Saturday, 19 June 2010

His Master's Vest

HMV have decided not to sell a range of T-shirts that declare that the wearer would rather anyone but England win the World Cup. It’s a sad day for pessimists. Apart from the fact that that particular T-shirt slogan is on a par with “I Hope Nick Griffin Is Not Elected Pope” and “Please Please Don’t Let The Beatles Reform” when it comes to announcing a fear of unlikely circumstances coming true, it seems that HMV have caved in to pressure from some unpleasant sounding pressure group called Campaign For An English Parliament.

The T-shirt was available in Scotland and Wales and comes hot on the heels of other such allegedly “anti-English” merchandise. For centuries in Wales, it’s been possible to buy all manner of goods emblazoned with the slogan “I Support Two Teams In Rugby. Wales and whoever’s playing England.” A few years back I was in Cardiff market with a Welsh friend of mine who decided to have a bit of fun with the bloke selling these things.

“Do you do T-shirts saying “I Support Two Teams In Cricket. England and whoever’s playing Pakistan?”

“No. That would be racist. This is just a bit of fun”
Etc.

At the time our smugly liberal consciences were cleared with the joy of making someone make racism out to be a bit of fun. However, I’m not so sure I was right.

I won’t even begin to try and compare the low level of discomfort felt by someone English seeing such merchandise available with the effects of genuine racism. But there is a problem here. It’s important that we stamp out racism and racist language wherever we see or hear it, but at the same time we would appear to be in danger of eradicating one of the most exciting and enjoyable aspects of being a sports fan – namely rivalry and the “banter” that goes with it.

The chances are that many of the people who want anyone but England to win a football match are racists but it’s unlikely that they’re the majority. I’ve lived in Wales for nearly thirty years, and whilst it’s true that you’d be unwise to sing “Swing Low Sweet Chariot” in an Aberdare pub the evening of a Wales defeat to England, it’s also true that most Welsh people harbour anti-English sentiments only for the duration of a match.

If someone wants to wear an Anyone But England t-shirt, let them. Let them bang on about how England raped their country, plundered their natural resources, killed their king, stamped out their language, closed their mines, etc. Fuck it, let them. Chances are they’ll have got it out of their system by half time.

Predictably just about everyone in the Cardiff pub where I watched the England/USA game was cheering on USA, screeching with delight as Robert Green suffered the seconds he’ll most be remembered for. A few English fans took offence at this but there’s no point, it’s just sport. My Welsh friends quite often tell me it’s the casual racism of the England supporters that gets their goat, unaware of the ironies inherent in such generalisations. Or they’ll talk about the stupidity of seeing white flags in every window forgetting that 85% of Welshmen think it’s perfectly natural to wear the same clothes as everyone else on an international day.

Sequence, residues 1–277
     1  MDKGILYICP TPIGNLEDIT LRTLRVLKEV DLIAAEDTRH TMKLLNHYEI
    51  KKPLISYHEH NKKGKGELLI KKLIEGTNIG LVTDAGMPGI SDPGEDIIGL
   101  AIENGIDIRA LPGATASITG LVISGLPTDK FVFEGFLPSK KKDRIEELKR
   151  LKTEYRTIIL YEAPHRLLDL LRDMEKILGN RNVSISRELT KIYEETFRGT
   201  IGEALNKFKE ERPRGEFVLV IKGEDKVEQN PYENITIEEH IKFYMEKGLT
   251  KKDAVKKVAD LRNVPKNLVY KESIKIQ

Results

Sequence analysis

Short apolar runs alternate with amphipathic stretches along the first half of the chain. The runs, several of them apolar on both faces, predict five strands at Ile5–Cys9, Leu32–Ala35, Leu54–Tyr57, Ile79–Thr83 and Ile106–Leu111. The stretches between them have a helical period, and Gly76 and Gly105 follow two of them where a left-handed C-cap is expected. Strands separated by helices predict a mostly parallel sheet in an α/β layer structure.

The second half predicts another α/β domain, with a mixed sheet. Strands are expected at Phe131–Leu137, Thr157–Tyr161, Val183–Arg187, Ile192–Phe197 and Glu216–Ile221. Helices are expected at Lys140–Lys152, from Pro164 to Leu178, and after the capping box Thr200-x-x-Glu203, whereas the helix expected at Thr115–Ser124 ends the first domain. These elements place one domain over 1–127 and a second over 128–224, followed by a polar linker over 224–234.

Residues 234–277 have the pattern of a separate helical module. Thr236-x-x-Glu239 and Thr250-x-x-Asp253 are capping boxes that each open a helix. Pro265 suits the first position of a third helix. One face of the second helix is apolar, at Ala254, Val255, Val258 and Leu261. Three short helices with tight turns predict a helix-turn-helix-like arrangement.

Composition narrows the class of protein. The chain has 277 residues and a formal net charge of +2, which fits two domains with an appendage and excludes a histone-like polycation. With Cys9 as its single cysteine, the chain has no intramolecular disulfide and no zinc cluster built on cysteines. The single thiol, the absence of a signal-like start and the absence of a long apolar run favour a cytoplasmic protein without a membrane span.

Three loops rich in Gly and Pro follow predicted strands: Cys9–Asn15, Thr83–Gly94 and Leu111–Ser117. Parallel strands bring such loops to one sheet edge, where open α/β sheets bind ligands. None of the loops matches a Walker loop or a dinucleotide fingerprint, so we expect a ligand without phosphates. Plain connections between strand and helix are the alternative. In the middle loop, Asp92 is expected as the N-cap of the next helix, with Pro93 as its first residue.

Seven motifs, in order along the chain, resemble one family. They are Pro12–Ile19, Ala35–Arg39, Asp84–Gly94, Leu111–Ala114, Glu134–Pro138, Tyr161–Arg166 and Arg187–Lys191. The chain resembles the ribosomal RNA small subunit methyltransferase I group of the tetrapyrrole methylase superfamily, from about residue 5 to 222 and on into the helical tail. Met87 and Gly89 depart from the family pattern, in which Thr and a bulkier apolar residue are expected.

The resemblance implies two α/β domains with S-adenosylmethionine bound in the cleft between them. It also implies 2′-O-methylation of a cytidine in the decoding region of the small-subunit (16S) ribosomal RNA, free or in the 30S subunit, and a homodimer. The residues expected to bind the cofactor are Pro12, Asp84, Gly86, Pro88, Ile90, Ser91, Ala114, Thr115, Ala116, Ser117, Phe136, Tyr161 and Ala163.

I have never felt the urge to own an England flag or football shirt. I think I had my face painted once but both painter and myself were fucking wrecked at the time and ended up wandering around Carmarthen looking more like a pair of recently mauled mime artists than patriotic scoundrels.

Anyone But England isn’t a racist slogan. It’s not worth getting upset about. HMV, like Morrison’s before them, have let the idiots win. I quite like people wearing them, it makes me know who to avoid jumping up and down next to should the miracle of an England goal occur, it highlights the person in the room most likely to provoke a fight with me, the person most likely (should they have been born English) to join something as predictably right wing as the Campaign for English Democracy.

Your true fan doesn’t want any part of that, just enjoys the banter. And if I was secretly a bit pissed off at the pro-Algerian chanting coming from my neighbours last night, I’m sure he will have seen the funny side of me doing the haka in his back garden this morning.

Although, looking back, perhaps I should have kept my pants on in front of his kids.

3 comments:

  1. HMV have now backtracked from this. The fucking Angolan bastards.

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  2. I lived in North Wales for 10 years. Their anti- English sentiment is permanent and constant. When I was about 10 the local kids even tried to bully me. Once.

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  3. You must be living in a different part of North Wales than I, Gemma, as the sentiment is reversed. For all of my life 'being Welsh' was seen as a joke. Although to be fair i do come from the ugly town of Rhyl (its name derives from the Welsh word 'Hyll', meaning 'The Ugly') which is more commonly known as the smallest suburb of Liverpool. Although i know of anti-English sentiment in North Wales, it's not rife. Mostly, and i don't like bringing this up due to Paul's article, it's a joke. It's the same as picking on the kid with glasses, ginger hair, or more than one Foo Fighters album.
    Sorry, experiences are different for all, i don't know why i ramble, but where I'm from, i once got into a fight for wearing a Wales shirt and speaking Welsh. In Wales. I also nearly got glassed in Chester for speaking Welsh. The skinhead started shouting about 'Them fuckin' Poles'.
    Paul, good article, I would type some sort of positive feedback laced with minor criticisms, but I'm hungover from having celebrated England's performance. They're joke. Drop Lampard amd stick Cole on the left.

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